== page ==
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Week 1 Underway

This week emergency managers from hospital, city, county, and state jurisdictions are evaluating how they might use probabilistic hazard information for decision making during severe convective weather. 

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2018 EM Selection

We had an unprecedented response to our call for EM applicants for the 2018 HWT PHI EM project. Over 50 EMs applied for 8 spots! So many strong candidates this year! We are actively pursuing funding for next year so we hope those we had to turn away this year will apply next year.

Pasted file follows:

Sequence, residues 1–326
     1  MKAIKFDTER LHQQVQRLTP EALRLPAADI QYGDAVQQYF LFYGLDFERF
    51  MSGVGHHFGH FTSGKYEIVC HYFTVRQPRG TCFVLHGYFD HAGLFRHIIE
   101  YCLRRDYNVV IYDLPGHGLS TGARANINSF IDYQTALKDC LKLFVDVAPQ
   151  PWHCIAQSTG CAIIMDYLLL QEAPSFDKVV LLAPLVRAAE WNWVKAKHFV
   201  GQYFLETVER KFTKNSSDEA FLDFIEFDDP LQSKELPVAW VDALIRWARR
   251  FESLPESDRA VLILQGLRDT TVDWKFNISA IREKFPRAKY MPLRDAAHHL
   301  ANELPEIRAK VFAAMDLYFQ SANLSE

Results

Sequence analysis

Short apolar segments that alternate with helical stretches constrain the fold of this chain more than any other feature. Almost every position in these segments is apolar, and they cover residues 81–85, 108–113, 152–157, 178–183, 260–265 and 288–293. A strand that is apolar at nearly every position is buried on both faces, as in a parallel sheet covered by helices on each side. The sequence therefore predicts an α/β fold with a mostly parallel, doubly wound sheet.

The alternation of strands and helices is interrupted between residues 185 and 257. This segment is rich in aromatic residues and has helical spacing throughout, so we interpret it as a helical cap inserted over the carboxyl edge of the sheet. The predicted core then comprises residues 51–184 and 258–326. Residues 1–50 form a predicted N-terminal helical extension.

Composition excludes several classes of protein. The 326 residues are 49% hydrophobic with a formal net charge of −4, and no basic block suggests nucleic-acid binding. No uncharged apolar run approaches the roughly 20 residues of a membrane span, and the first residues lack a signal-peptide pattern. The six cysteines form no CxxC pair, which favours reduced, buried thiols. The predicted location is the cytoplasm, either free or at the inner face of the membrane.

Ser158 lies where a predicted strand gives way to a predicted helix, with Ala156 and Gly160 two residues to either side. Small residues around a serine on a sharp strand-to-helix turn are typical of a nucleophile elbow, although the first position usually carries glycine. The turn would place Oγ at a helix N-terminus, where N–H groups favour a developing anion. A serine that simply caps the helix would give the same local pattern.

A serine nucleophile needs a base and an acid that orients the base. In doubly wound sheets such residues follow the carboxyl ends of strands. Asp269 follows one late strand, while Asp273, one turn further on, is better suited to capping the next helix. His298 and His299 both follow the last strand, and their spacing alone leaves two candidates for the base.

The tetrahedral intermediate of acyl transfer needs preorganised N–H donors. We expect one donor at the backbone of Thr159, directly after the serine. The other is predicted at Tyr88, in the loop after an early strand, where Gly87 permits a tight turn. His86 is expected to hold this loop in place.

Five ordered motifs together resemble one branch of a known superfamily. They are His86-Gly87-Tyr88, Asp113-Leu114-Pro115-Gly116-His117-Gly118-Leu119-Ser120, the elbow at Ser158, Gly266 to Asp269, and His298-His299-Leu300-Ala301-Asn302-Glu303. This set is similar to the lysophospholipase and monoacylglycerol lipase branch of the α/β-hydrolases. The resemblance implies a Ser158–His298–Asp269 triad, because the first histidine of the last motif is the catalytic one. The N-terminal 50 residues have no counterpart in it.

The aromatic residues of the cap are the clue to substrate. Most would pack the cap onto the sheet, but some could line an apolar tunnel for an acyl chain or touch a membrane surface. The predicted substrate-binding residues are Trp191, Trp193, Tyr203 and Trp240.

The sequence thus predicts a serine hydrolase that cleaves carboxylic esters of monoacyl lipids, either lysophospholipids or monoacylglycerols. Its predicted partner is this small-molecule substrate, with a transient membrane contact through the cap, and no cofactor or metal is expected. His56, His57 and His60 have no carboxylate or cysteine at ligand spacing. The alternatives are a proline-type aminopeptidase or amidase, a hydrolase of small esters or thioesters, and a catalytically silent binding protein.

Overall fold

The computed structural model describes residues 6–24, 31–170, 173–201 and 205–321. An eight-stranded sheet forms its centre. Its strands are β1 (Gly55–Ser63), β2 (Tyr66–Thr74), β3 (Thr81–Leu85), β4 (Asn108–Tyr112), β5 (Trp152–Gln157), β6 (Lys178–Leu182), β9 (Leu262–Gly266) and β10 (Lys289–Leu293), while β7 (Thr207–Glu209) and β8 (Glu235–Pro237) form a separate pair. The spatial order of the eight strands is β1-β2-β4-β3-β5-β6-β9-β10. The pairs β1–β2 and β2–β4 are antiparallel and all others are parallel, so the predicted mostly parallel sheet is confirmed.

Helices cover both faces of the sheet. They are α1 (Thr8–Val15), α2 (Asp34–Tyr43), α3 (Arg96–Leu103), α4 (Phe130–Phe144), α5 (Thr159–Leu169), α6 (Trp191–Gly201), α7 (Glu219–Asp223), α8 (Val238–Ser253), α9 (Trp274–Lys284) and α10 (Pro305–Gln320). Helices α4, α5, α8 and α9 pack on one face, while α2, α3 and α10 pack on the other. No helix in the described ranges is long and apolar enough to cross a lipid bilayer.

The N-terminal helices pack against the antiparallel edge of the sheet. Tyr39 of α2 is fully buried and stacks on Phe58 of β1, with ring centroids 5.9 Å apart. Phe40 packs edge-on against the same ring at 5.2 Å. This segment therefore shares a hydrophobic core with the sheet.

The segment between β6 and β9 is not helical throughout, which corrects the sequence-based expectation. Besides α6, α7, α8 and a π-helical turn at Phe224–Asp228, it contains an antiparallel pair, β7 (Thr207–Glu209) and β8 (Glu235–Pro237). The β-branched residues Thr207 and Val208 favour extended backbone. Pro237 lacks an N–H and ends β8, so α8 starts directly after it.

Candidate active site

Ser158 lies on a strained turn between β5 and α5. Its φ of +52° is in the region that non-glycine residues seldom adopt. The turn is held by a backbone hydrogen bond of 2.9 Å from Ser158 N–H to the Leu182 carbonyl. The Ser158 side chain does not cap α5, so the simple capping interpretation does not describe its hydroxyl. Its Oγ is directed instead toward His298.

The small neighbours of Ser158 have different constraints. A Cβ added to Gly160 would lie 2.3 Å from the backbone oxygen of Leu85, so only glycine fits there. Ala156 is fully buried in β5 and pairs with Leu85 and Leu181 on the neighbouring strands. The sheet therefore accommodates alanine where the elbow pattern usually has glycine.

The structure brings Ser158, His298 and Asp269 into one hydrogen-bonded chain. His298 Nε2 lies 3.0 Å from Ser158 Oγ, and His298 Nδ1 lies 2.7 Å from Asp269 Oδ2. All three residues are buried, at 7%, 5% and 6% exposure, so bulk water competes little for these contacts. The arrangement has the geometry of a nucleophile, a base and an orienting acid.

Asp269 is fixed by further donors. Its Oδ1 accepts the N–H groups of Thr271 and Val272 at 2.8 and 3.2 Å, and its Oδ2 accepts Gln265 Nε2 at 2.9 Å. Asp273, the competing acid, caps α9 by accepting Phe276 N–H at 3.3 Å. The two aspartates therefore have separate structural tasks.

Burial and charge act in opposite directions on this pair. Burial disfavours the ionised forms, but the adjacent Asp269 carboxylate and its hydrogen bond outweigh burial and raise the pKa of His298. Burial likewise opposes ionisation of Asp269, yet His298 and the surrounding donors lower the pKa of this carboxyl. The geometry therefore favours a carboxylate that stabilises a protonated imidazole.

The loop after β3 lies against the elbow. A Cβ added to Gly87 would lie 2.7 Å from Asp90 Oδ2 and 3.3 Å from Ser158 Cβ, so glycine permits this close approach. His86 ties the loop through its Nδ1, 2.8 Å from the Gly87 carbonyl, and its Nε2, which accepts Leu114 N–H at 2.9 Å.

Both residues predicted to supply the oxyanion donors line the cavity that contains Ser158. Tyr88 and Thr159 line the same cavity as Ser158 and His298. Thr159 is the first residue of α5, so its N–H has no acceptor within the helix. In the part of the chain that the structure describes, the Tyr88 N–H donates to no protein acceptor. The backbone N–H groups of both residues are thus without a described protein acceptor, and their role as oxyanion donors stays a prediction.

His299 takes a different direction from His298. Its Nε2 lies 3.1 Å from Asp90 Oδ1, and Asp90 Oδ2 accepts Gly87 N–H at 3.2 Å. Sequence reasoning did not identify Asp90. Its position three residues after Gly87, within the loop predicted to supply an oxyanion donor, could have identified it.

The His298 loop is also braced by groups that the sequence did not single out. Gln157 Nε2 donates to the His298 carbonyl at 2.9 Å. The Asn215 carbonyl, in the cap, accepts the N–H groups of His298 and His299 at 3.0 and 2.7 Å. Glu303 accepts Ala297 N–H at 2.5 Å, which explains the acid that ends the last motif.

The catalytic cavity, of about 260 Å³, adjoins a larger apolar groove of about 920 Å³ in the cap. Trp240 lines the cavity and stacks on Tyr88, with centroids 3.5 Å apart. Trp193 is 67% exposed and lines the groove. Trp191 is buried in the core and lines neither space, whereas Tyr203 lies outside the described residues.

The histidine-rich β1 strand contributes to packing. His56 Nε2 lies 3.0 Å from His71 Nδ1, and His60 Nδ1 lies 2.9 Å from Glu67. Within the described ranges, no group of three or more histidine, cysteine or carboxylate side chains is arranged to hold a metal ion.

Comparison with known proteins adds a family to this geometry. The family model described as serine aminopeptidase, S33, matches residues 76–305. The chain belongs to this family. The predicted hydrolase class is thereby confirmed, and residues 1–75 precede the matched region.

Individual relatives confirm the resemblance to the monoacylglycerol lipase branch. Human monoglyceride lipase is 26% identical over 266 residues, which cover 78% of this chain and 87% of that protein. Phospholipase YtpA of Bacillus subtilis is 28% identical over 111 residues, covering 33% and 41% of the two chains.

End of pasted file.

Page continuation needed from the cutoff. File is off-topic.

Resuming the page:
Thank you to our friends in the National Weather Service for helping to spread the word about our project!

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This is the information page for emergency manager (EM) participation in NOAA’s Hazardous Weather Testbed (HWT). EMs in the HWT help evaluate probabilistic hazard information (PHI) for severe weather, the core of the future National Weather Service severe weather warning paradigm.  PHI is part of NSSL’s overall FACETS initiative.  Learn more about FACETS here: